It’s never over
September 19, 2012
Governor Walker emailed supporters this past weekend saying “this isn’t over,” regarding a Madison judge’s decision to void parts of last year’s collective bargaining reforms.
The Governor announced the inevitable next step, saying, “Sadly a liberal activist judge in Dane County wants to go backwards and take away the lawmaking responsibilities of the legislature and the governor. We are confident that the state will ultimately prevail in the appeals process.”
As far as we can tell, Judge Juan Colas—unlike some Dane County judges who have blocked Walker reforms—did not sign the Walker recall petition. A former state legislative aide to a Liberal Democrat, former Justice Department attorney under Attorney General Jim Doyle, and a campaign contributor to Chief Justice Shirley Abrahamson, Leftist Justice Louis Butler, and Doyle, Colas was appointed to the bench by Governor Doyle in 2008.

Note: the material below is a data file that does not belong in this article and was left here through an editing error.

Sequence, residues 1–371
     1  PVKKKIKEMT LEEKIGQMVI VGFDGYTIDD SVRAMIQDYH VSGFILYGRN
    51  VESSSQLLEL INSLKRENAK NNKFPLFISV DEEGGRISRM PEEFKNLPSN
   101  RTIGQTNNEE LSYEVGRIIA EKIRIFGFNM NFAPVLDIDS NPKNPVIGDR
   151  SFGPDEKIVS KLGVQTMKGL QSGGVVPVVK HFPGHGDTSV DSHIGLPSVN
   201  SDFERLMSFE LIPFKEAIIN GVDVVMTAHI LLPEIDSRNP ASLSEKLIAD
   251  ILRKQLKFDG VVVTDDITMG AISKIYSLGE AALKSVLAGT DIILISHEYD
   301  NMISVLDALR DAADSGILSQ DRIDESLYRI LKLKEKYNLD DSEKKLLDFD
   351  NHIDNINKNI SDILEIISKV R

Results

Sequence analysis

Siding with the Madison teachers’ union Friday, he struck down Act 10 provisions requiring a referendum on pay increases above the cost of living for school district and other municipal employees; limiting “fair share” dues to public safety and transit unions; limiting municipal collective bargaining to wage issues; and—the big one for union bosses—banning payroll deduction of union dues by government employers.
Colas said these provisions violate the rights of free speech and association because they apply to union members but not to non-union government employees. Since the state allows collective bargaining, he says, it can’t be conditional on forgoing privileges available to employees who don’t bargain collectively.
We read his 27-page opinion. Even if you assume, for argument’s sake, that an appeals court might agree, Colas himself provides an answer to the dilemma. On page 14 of his decision, he writes:
“It is undisputed that there is no constitutional right to collective bargaining.”